ICAM Incident Investigation: A Summary for Newbies
Ever wondered why ICAM Investigation has established itself as the cutting-edge incident investigation process in Australia? This article will cover the basics of ICAM Investigation and give you an understanding of why this method should be the go-to methodology for investigations of incidents in your organisation.
What is ICAM?
ICAM stands for:
Based on the work of psychologist James Reason, ICAM Investigation is a process that aims to identify the contributing factors, underlying (root) causes, and organizational failures that led to an incident. Rather than simply identifying the immediate cause, ICAM attempts to look deeper and detect the underlying (root) cause/s that led to an incident.
An example could be:
- Immediate Cause = Faulty Equipment, and
- Underlying (Root) Cause = Lack of Maintenance due to Inadequate Resourcing
Sometimes the underlying cause may be uncomfortable for the organization to acknowledge, but it is vital these are identified and addressed to prevent reoccurrence and improve WHS performance outcomes.
What is the ICAM Process?
The ICAM Investigation process has 6 steps:
- Gathering and Preparing Evidence
- Identify Absent / Failed Defenses (last-minute measures that should have stopped the incident)
- Identify Individual / Team Actions (errors or violations made by personnel)
- Identify Task / Environmental Factors (conditions that existed at time of the incident)
- Identify Organizational Factors (underlying organizational factors)
- Develop Recommendations
The first step in an ICAM Investigation is to gather and prepare evidence. This can be quite a long process, especially for a serious incident. The duration of this step depends on geographic location of the workplace incident, how many people were involved and the complexity of the incident. For example, following an aviation crash, it may take the investigation team years to simply find and assemble all of the physical evidence. For most workplace accidents, the evidence gathering should take no more than a few days to a few weeks depending on severity of incident.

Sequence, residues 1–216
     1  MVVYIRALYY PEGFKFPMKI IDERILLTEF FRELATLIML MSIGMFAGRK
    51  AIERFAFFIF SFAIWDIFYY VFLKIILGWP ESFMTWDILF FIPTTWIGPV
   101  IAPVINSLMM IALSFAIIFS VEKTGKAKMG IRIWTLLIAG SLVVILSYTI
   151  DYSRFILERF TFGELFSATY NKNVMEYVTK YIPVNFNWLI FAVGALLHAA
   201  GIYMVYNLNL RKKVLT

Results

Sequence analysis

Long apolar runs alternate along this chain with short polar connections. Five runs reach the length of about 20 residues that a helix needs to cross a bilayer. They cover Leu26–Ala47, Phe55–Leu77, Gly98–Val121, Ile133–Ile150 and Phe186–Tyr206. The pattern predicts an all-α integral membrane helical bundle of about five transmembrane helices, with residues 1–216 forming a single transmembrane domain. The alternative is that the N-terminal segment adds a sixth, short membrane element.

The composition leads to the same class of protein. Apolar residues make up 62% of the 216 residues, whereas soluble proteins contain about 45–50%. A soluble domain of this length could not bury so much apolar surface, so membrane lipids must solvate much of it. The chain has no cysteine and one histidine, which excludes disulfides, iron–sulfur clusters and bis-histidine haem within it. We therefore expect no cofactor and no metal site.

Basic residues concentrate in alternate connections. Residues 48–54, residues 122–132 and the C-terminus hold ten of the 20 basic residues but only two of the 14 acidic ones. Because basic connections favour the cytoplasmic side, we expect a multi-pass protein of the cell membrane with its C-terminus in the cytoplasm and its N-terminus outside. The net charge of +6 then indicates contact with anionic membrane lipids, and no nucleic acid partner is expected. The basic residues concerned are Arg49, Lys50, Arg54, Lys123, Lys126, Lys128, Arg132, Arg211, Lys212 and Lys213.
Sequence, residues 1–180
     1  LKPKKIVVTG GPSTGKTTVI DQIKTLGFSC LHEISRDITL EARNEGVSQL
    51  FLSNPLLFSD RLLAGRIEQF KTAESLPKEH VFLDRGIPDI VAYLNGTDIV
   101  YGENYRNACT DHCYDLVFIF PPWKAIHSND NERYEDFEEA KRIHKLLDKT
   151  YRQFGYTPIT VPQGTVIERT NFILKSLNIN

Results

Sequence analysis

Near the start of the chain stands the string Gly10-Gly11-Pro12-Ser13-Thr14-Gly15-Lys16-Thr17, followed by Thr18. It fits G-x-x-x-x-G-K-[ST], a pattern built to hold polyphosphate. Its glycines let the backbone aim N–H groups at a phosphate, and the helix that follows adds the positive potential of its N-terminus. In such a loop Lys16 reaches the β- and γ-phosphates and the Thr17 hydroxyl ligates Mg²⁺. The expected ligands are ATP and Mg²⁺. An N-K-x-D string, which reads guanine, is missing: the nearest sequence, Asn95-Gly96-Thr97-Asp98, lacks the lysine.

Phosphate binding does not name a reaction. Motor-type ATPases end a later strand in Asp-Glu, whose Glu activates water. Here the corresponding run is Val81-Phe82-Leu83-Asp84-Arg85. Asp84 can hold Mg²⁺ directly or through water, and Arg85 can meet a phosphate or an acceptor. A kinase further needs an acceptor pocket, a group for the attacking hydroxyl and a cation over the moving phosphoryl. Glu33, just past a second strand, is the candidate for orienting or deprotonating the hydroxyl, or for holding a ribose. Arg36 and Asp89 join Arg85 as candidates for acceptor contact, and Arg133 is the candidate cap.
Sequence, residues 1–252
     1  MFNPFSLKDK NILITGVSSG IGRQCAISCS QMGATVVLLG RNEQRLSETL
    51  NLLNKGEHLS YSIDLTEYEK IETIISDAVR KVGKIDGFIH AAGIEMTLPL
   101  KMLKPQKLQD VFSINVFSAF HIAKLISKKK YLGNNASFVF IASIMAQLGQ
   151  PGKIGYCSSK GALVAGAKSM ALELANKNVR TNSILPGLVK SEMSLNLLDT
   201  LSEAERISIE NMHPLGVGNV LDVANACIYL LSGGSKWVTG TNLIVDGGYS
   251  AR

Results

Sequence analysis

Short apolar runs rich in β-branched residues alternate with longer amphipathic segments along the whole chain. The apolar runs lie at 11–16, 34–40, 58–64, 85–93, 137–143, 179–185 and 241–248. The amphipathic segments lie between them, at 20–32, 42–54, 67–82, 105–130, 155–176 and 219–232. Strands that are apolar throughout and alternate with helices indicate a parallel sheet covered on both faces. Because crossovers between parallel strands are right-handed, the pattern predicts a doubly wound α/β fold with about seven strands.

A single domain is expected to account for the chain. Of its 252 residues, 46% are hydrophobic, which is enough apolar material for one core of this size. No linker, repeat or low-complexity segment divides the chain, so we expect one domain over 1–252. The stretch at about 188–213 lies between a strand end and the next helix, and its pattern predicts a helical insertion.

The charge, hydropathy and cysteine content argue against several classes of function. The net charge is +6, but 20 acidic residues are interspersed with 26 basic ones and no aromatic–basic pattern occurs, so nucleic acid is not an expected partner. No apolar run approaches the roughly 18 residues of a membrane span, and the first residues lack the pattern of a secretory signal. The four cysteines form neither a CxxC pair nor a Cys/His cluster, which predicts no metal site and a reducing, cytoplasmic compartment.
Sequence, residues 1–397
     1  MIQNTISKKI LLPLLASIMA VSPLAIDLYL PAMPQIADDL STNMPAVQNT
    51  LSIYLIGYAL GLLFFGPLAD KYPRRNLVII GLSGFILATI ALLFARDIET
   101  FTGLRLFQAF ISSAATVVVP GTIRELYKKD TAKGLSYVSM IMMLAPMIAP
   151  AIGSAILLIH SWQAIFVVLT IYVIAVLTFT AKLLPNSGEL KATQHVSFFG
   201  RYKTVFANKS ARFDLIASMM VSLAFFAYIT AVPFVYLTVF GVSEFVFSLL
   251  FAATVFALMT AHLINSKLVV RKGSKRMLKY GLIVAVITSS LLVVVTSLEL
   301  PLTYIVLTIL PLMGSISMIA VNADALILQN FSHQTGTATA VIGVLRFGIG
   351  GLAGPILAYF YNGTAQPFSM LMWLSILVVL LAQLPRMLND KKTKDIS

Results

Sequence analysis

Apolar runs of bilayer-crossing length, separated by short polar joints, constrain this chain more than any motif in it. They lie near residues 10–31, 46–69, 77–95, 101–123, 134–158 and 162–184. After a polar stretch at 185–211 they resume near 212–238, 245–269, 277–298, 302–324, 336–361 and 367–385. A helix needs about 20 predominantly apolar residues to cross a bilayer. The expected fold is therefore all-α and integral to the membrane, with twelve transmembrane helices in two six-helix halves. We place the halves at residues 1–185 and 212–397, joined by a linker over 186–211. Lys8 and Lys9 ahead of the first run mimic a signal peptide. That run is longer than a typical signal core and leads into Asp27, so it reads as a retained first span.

Download a copy of our simplified ICAM Incident Report and Investigation form.
The ICAM Investigation Data Analysis Process
The information and evidence are then categorized into 5 groups using the PEEPO acronym:
- People – e.g., witness statements
- Environment – e.g., weather
- Equipment – e.g., inspections of plant
- Procedures – e.g., work instructions
- Organization – e.g., training records
Once evidence and information have been collected, it’s time to present and analyze the data. This can be done with a variety of tools including Timelines, 5 Why’s Analysis, Incident Trees, or Ishikawa (Fishbone) Diagrams.
These tools help us to visualize all the gathered data and allow for easier analysis. Below is an example of an Ishikawa (or Fishbone) Diagram. This helps visualize how a number of contributing causes can lead to an incident (or “effect”):
Identifying Failed Defenses Using ICAM Investigation
Through the data analysis process, the Lead Investigator (or team) will begin to identify contributing factors and underlying (or root) causes. The factors that either caused (or failed to prevent) an incident are sometimes called “Failed Defenses”.
It is important to think critically and look deeper than the surface when examining these failed defenses. For example, identifying “human error in activating emergency system” as a failed defense may only be a symptom of a deeper and more systematic problem of “poor organizational training“ or other root causes.
Failed defenses are generally categorized into 4 groups:
Using ICAM to Guide Organizational Improvements
Once the data has been analyzed, the investigation team will have developed a list of contributing factors and underlying causes. Corrective actions and preventative measures should be developed to address each of these contributing and underlying factors (and there may be several or more recommendations for each factor).
Investigation findings should aim to improve safety management ideally will follow the SMARTER rule:
What are the Benefits of ICAM?
ICAM incident investigations are open source and can be accessed and used by anyone. Also, the ICAM training (or ICAM Lead Investigator Course) can be delivered by any organization (or RTO) and is not “proprietary” or owned by any one company or entity (assuming applicants meet the required literacy requirements). The ICAM Investigation process or further information can be researched freely on the internet meaning anyone with a laptop can teach themselves the ICAM investigation process.
Due to its open-source nature, the process has been developed and fine-tuned by many organizations and has established itself as one of the most used and effective incident investigation techniques globally. The ICAM Investigation process is known for providing results in a short time span, which is crucial when handling incidents, especially those involving safety and human life. They also help standardize the process used to investigate WHS incidents and promote consistency across organisations.
They can be used to find out the root cause of an incident, or to identify factors that can cause similar incidents in future. They are also useful for conducting training sessions for your employees and creating awareness about safety across your company as well as improving communication amongst stakeholders by providing accurate and detailed information about incidents. If you’re looking to boost safety measures in your organization, conducting ICAM investigations is a must.
If you need assistance with an incident investigation or other WHS issue, contact us.
For more information on incident notifications and investigations please visit the WHSQ Incident and Notifications page.